Thursday, June 17, 2010
I'm still on a quest to make the perfect scone. I feel a little closer this time than ever before, but I'm not there yet. What could be so difficult about making a scone, you might be asking yourself. Well, it's got to be sweet, but not too sweet, flaky but not dry and not chewy. Perfect scones are possible. I've eaten them before, but I'm beginning to think they were manufactured in a plant using chemical compounds to deliver the right amount of crips exterior and bready interior.
It's been blazes hot lately, and I'm loving every minute of it. I adore summer: its heat, sun, watermelon, tomatoes, ice cream, not its mosquitos, its pools, campfires, bike rides, everything. When I'm inside, I long for the outdoors. It was so hot the day I made these peach-oat scones that the butter melted instantly, which is not a good thing in this situation. The dough for the scones swiftly turned to batter when I turned it out on my new table. They stuck everywhere. Amanda tossed copious amounts of flour onto the mixture, while I scraped the peach-flavored goo onto the baking tray. According to Martha Stewart's instructions, I put the scones in the freezer for half an hour or so before baking.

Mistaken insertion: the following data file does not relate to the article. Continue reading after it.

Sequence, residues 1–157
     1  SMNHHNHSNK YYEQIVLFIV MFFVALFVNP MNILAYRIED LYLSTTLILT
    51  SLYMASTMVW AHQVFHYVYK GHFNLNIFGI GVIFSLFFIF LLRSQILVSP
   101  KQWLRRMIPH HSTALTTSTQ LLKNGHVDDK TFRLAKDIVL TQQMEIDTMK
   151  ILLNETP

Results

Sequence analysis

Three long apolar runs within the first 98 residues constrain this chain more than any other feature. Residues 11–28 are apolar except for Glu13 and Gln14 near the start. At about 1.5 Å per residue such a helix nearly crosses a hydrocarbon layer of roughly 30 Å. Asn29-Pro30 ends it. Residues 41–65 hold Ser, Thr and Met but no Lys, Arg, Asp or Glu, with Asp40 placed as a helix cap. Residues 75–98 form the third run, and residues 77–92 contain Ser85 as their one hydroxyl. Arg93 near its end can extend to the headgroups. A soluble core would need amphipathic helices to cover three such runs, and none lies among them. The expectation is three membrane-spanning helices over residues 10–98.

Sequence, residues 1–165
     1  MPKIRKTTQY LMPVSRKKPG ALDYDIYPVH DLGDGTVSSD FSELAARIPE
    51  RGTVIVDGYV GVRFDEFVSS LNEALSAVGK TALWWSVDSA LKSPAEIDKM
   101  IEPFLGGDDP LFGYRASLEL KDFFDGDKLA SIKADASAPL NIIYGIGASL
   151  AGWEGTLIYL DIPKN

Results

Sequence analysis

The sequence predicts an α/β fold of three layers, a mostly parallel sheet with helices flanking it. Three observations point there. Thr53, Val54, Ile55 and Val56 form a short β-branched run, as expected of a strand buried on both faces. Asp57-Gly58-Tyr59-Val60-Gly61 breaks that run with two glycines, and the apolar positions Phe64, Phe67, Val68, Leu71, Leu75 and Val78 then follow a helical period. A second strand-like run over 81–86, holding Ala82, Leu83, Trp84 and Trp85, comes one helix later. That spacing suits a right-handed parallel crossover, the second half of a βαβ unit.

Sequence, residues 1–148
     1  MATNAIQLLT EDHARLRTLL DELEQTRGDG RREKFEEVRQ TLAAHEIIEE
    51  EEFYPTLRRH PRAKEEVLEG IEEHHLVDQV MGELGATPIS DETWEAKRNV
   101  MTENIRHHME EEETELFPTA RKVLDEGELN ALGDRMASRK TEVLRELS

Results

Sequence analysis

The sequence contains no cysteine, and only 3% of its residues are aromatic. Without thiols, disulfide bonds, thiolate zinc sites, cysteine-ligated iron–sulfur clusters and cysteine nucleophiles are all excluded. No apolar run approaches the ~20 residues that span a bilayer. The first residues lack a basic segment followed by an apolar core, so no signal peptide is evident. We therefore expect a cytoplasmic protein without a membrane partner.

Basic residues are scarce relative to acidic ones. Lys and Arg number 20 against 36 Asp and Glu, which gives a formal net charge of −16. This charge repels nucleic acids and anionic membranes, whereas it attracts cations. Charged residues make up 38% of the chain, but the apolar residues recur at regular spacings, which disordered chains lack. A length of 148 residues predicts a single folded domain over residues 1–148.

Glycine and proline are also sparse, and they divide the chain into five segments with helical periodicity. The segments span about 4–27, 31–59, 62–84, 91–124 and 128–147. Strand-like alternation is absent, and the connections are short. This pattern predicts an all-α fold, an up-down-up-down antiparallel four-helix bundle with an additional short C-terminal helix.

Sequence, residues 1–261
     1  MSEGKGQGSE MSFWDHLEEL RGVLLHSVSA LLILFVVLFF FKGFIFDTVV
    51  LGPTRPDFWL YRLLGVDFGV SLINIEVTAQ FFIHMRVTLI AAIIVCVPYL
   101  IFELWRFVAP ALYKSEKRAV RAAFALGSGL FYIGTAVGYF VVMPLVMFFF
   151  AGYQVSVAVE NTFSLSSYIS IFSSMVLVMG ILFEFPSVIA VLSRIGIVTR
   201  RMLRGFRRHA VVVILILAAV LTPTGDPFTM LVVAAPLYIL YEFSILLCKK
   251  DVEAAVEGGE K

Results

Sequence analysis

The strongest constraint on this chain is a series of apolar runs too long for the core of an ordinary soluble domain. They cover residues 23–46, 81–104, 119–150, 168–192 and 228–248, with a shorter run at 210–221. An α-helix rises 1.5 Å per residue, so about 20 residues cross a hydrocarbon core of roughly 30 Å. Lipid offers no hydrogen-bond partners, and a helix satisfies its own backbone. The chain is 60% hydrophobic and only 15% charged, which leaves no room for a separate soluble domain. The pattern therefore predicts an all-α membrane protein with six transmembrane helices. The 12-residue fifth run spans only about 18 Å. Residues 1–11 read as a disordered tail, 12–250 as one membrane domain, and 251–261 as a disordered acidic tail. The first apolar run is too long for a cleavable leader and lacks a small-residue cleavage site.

They turned out pretty good. Amanda asked if I would start a bakery with them. No, I wouldn't. So they're not that good. I think that's a pretty good gauge of whether I would make something again or not. So I guess these scones don't cut it. They're fine. Good. The oats lend a heartiness. They're probably the best scones I've ever made, but still. I'm not there yet.
Peach-Oat Scones: from Martha Stewart's Baking Handbook
1 cup oats
1 1/4 cups flour
1/4 cup sugar plus 2 tablespoons
1 1/2 teaspoons baking powder
1/2 teaspoon baking soda
1/2 teaspoon salt
1 1/4 sticks cold butter, sliced
1/2 cup dried apricots or peaches, coarsely chopped
1 egg plus 1 egg yolk
1/2 cup buttermilk
1 tablespoon cream
Stir together the oats, flour, sugar, baking powder and soda, and salt in a large bowl. Using a pastry blender, cut in the cold butter, mixing until it forms crumbs. Fold in the dried fruit.
In a smaller bowl, whisk together the egg and buttermilk. Add the wet mixture to the crumbly one, mix with a spatula until the mixture comes together. Turn out the dough on a (heavily) floured surface. Form the dough into a rectangle--try not to get too sticky--that is about one-and-a-half inches thick. Cut the rectangle into triangles and arrange on a baking sheet. Place sheet in the freezer for one hour.
Preheat the oven to 375 when you're ready to bake. In a small bowl, beat the egg yolk with the cream and brush it over the scones. Sprinkle sugar atop the scones. Bake for 25 to 30 minutes until the scones are golden brown.
Read about my other scone escapades here, here and here.